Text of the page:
Plus, the supposed “benefits” of the two known HPV vaccines, Gardasil (made by Merck) and Cervarix (made by GSK-GlaxoSmithKline), wear off after a few years, meaning that even if they do work, the cancer only lasts a few years anyway before a normal immune system beats it, so why bother with the vaccines, which are known to be loaded with neurotoxins, carcinogens, synthetic emulsifyers and genetically modified organisms.  Worst yet, there are at least 120 known human papillomaviruses, so, worse than the flu shot, the HPV vaccine is a complete “shot in the dark.” On top of that, only a third of those viruses are the ones typically transmitted through sexual contact. At least 15 types of HPV are CARCINOGENIC.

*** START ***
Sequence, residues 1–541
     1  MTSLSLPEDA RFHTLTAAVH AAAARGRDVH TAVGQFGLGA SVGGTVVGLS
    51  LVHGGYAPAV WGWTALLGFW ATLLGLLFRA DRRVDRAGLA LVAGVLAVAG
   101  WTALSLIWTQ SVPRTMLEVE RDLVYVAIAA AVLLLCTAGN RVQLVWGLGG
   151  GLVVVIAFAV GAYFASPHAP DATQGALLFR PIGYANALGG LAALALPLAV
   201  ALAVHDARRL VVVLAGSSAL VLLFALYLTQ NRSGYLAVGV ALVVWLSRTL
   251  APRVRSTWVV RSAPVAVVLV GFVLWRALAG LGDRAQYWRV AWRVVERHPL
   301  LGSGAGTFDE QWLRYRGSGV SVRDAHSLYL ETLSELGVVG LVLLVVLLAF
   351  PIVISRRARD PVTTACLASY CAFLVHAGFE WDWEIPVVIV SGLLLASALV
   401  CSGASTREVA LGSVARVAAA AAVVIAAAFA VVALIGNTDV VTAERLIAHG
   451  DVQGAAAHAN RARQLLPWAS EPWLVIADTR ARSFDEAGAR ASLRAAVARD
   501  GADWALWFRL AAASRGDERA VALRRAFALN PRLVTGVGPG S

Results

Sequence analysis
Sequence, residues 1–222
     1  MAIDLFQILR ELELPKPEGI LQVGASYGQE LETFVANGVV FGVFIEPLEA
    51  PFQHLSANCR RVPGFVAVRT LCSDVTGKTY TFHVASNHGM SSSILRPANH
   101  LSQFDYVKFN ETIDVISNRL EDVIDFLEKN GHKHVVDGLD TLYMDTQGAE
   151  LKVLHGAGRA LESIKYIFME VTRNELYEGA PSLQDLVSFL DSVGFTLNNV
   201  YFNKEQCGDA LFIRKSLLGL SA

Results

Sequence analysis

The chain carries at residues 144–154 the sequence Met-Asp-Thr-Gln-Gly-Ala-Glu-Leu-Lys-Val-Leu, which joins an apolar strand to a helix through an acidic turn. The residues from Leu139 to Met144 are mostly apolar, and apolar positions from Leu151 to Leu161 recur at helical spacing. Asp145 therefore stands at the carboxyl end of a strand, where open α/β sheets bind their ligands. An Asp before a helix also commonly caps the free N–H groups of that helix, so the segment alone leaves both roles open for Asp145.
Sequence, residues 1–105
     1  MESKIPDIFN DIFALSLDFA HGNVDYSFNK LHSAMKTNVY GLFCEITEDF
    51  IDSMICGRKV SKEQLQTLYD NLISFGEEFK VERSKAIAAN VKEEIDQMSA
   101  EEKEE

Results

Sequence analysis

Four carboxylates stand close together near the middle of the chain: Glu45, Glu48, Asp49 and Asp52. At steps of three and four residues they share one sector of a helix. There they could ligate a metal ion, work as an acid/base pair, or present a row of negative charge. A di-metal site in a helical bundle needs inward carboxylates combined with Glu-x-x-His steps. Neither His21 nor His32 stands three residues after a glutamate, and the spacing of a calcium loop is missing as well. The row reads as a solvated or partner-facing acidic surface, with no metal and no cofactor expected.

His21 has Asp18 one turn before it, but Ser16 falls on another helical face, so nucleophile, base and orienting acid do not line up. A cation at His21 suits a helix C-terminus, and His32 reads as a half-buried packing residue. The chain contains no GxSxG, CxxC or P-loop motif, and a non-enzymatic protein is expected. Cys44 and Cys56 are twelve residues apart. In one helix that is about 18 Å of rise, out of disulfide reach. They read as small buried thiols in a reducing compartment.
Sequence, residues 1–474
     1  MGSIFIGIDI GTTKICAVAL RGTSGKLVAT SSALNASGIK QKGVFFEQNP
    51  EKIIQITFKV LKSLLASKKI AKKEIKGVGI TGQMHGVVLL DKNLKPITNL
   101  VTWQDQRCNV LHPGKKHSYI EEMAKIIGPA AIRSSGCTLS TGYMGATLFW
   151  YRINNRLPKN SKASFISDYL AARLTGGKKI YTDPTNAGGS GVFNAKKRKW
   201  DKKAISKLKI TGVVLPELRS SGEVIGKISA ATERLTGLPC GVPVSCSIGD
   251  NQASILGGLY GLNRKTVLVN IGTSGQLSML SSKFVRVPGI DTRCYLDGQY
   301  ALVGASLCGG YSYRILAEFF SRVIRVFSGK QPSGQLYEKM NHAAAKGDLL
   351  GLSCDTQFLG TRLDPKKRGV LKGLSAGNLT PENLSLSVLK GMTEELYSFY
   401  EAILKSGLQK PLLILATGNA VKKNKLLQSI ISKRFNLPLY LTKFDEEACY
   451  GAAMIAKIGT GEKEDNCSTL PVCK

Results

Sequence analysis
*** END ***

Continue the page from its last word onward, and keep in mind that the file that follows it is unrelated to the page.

Just days after given the intramuscular injection Cervarix, Stacey Jones, 17 (at the time), suffered her FIRST EVER SEIZURE and was left brain-damaged from it. The Cervarix inoculation contains recombinant proteins and for those unfamiliar, recombinant means DNA molecules are brought together from multiple sources in a laboratory to create genetic material with DNA sequences that would NOT OTHERWISE EXIST in the genome. That means the culture is chemically altered and then mixed with sodium chloride and “residual” amounts of insect cells. If that itself is not bad enough, according to the Rx list itself, the “tip caps” may contain rubber latex.